I hope the festive season finds you happy, healthy and well.
Earlier this December, I had a bit of Twitter fun with a Wodehouse themed 12 Days of Christmas – featuring Wodehouse related gift ideas. This piece provides a summary for those of you who don’t follow Twitter. It may be a lazy way to blog, but news media organisations are reporting Tweets as news these days, and even Wodehouse wasn’t averse to reusing his own material. I hope it gives you some good gift ideas — for Christmas or any time of year.
Lord Emsworth breathed heavily. He had not supposed that in these degenerate days a family like this existed. The sister copped Angus McAllister on the shin with stones, the brother bit Constance in the leg . . . It was like listening to some grand saga of the exploits of heroes and demigods.
‘Lord Emsworth and the Girl Friend’
This is a guide for readers wanting to discover the joys of P.G. Wodehouse’s Blandings series. It follows previous guides:
Blandings Castle has joined Narnia, Brideshead and 221B Baker Street as a hallowed setting of English literature. Every enthusiast knows its rose garden, the terraces overlooking the lake, the steps down to the lawn where Gally sips a thoughtful whiskey, the gardens presided over by McAllister, the cottage in the West Wood suitable for concealing diamond necklaces or Berkshire pigs, and the hamlet of Blandings Parva which adjoins the estate.
N.T.P Murphy: The P.G. Wodehouse Miscellany
The much loved Blandings series features the absent-minded Lord Emsworth, his prize-winning pig the Empress of Blandings, and a changing cast of relations, staff, guests and imposters. The first Blandings novel Something Fresh, written in 1915, is one of my favourites and a great place to start. Wodehouse continued to write about Blandings for another 60 years (he was working on Sunset at Blandings when he died).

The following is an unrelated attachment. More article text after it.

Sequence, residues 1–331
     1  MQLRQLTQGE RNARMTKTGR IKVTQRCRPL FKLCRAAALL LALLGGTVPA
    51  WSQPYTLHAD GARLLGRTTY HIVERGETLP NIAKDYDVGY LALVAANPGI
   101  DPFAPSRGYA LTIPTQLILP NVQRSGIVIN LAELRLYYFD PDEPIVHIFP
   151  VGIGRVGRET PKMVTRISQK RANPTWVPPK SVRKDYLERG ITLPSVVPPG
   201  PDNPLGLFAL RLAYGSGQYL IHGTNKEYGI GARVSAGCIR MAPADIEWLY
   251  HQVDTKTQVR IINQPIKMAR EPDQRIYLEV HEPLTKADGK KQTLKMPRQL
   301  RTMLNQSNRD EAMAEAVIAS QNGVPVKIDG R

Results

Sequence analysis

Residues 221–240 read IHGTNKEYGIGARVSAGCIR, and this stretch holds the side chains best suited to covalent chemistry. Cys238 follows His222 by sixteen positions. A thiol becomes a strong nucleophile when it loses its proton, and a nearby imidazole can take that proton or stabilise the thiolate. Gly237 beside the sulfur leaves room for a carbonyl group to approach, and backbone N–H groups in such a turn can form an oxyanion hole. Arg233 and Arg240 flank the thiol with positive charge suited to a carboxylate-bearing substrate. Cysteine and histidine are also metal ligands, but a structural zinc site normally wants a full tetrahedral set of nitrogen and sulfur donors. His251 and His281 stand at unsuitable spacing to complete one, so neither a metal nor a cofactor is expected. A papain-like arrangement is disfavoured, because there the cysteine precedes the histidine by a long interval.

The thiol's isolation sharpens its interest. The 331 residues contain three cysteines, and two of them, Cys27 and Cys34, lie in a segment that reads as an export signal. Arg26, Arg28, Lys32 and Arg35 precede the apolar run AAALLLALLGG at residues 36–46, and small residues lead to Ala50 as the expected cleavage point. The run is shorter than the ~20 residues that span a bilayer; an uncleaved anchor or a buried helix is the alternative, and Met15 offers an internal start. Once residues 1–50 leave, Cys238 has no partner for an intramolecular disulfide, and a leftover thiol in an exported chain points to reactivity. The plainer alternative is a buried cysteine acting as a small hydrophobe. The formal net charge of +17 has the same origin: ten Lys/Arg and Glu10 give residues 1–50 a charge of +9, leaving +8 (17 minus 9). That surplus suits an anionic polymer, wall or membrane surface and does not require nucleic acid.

The early novels have a different atmosphere to the Blandings that emerges in Blandings Castle, in which Lord Emsworth’s prize-winning pig, the Empress of Blandings is introduced.
Blandings Castle is a short-story collection containing several classic Blandings stories, mostly written before Summer Lightning. Blandings Castle should be read before Summer Lightning to avoid spoilers. The stories are among Wodehouse’s best, and include:
The Custody of the Pumpkin (1929)
Lord Emsworth Acts for the Best (1926)
Company for Gertrude (1928)
Lord Emsworth and the Girl Friend (1928)
The Go-getter (1931)
The volume also includes some fine non-Blandings short stories.
The tranquillity of Lord Emsworth’s life at Blandings is constantly under threat throughout the series: from oily villains (like Smooth Lizzie and Eddie Cootes); regrettable relatives (such as Lady Constance Keeble and younger son Freddie Threepwood); supercilious staff (Rupert Baxter); and invited guests (the revolting Duke of Dunstable).
At an earlier point in this chronicle, we have compared the aspect of Rupert Baxter, when burning with resentment, to a thunder-cloud, and it is possible that the reader may have formed a mental picture of just an ordinary thunder-cloud, the kind that rumbles a bit but does not really amount to anything very much. It was not this kind of cloud that the secretary resembled now, but one of those which burst over cities in the Tropics, inundating countrysides while thousands flee.
‘The Crime Wave at Blandings’ in Lord Emsworth and Others
Happily for Lord Emsworth, Blandings’ extended cast of heroes and heroines are equal to the challenges presented to them.
Lord Emsworth’s younger brother, the Hon. Galahad Threepwood, makes his first appearance in Summer Lightning. He and Uncle Fred (Frederick Twistleton, 5th Earl of Ickenham) put a debonair spring-in-the-step of the later novels, much as Psmith had done in the earlier Leave it to Psmith.
The final novel Sunset at Blandings was completed after Wodehouse’s death, from his draft manuscript and notes, by Richard Usborne.
When you’ve completed the novels, you may also wish to track down the remaining short stories, which can found in the following collections:
‘The only one of the family I really know is the girl.’ I had hardly spoken these words when the most extraordinary change came over young Bingo’s face. His eyes bulged, his cheeks flushed, and his Adam’s apple hopped about like one of those india-rubber balls on the top of the fountain in a shooting gallery.
‘Oh, Bertie!’ he said, in a strangled sort of voice.
I looked at the poor fish anxiously. I knew that he was always falling in love with someone, but it didn’t seem possible that even he could have fallen in love with Honoria Glossop.
This is our introduction to Honoria Glossop, in Chapter Five of The Inimitable Jeeves, and our second encounter with young Bingo, who in Chapter Two was in love with a waitress named Mabel.
Bertie Wooster is astonished that Bingo could love Honoria (daughter of noted ‘nerve specialist’ Sir Roderick Glossop), whom he describes as: